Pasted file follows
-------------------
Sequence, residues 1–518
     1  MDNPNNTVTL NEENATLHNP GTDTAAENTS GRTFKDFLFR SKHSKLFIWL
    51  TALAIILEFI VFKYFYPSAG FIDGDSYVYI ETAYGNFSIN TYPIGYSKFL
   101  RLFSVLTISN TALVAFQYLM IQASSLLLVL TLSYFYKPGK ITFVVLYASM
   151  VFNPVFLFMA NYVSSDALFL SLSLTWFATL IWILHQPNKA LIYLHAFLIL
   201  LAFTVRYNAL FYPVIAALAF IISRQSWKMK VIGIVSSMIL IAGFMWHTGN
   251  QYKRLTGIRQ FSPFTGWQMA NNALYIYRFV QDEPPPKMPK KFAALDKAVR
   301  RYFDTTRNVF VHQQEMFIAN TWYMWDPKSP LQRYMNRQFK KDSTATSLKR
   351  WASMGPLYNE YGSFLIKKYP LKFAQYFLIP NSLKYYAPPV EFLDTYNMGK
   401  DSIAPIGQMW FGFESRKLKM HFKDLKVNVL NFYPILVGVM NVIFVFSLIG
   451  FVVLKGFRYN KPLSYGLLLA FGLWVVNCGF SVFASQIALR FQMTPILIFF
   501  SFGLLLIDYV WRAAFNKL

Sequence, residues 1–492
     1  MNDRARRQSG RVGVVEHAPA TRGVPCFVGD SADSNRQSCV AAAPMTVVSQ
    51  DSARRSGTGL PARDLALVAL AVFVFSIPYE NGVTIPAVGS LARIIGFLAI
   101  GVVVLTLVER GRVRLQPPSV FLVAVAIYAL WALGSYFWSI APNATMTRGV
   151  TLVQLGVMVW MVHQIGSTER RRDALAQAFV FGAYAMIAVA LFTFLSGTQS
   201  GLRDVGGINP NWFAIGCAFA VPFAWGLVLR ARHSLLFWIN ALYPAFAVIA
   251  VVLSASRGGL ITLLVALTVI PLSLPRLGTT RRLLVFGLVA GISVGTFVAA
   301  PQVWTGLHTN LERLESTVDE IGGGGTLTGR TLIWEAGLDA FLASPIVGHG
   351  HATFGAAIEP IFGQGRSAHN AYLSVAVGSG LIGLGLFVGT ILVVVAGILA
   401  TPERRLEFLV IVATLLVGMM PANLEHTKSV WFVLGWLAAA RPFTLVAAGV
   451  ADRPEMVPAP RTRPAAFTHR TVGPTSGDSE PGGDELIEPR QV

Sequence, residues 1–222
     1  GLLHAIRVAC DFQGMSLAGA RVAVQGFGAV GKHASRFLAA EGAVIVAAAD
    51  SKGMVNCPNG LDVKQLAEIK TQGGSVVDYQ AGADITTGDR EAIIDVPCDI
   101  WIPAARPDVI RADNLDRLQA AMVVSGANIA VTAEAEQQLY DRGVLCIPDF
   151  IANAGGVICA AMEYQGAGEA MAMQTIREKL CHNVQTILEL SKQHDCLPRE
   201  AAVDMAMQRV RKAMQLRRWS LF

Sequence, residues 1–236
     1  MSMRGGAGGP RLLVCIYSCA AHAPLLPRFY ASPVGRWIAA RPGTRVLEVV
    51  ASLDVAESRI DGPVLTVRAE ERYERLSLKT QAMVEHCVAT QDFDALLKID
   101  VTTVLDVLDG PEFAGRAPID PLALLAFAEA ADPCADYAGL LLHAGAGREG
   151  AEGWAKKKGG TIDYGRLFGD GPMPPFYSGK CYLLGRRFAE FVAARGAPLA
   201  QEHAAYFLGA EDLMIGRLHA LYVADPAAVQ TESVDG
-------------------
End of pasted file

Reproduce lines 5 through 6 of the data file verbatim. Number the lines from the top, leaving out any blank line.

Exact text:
   151  VFNPVFLFMA NYVSSDALFL SLSLTWFATL IWILHQPNKA LIYLHAFLIL
   201  LAFTVRYNAL FYPVIAALAF IISRQSWKMK VIGIVSSMIL IAGFMWHTGN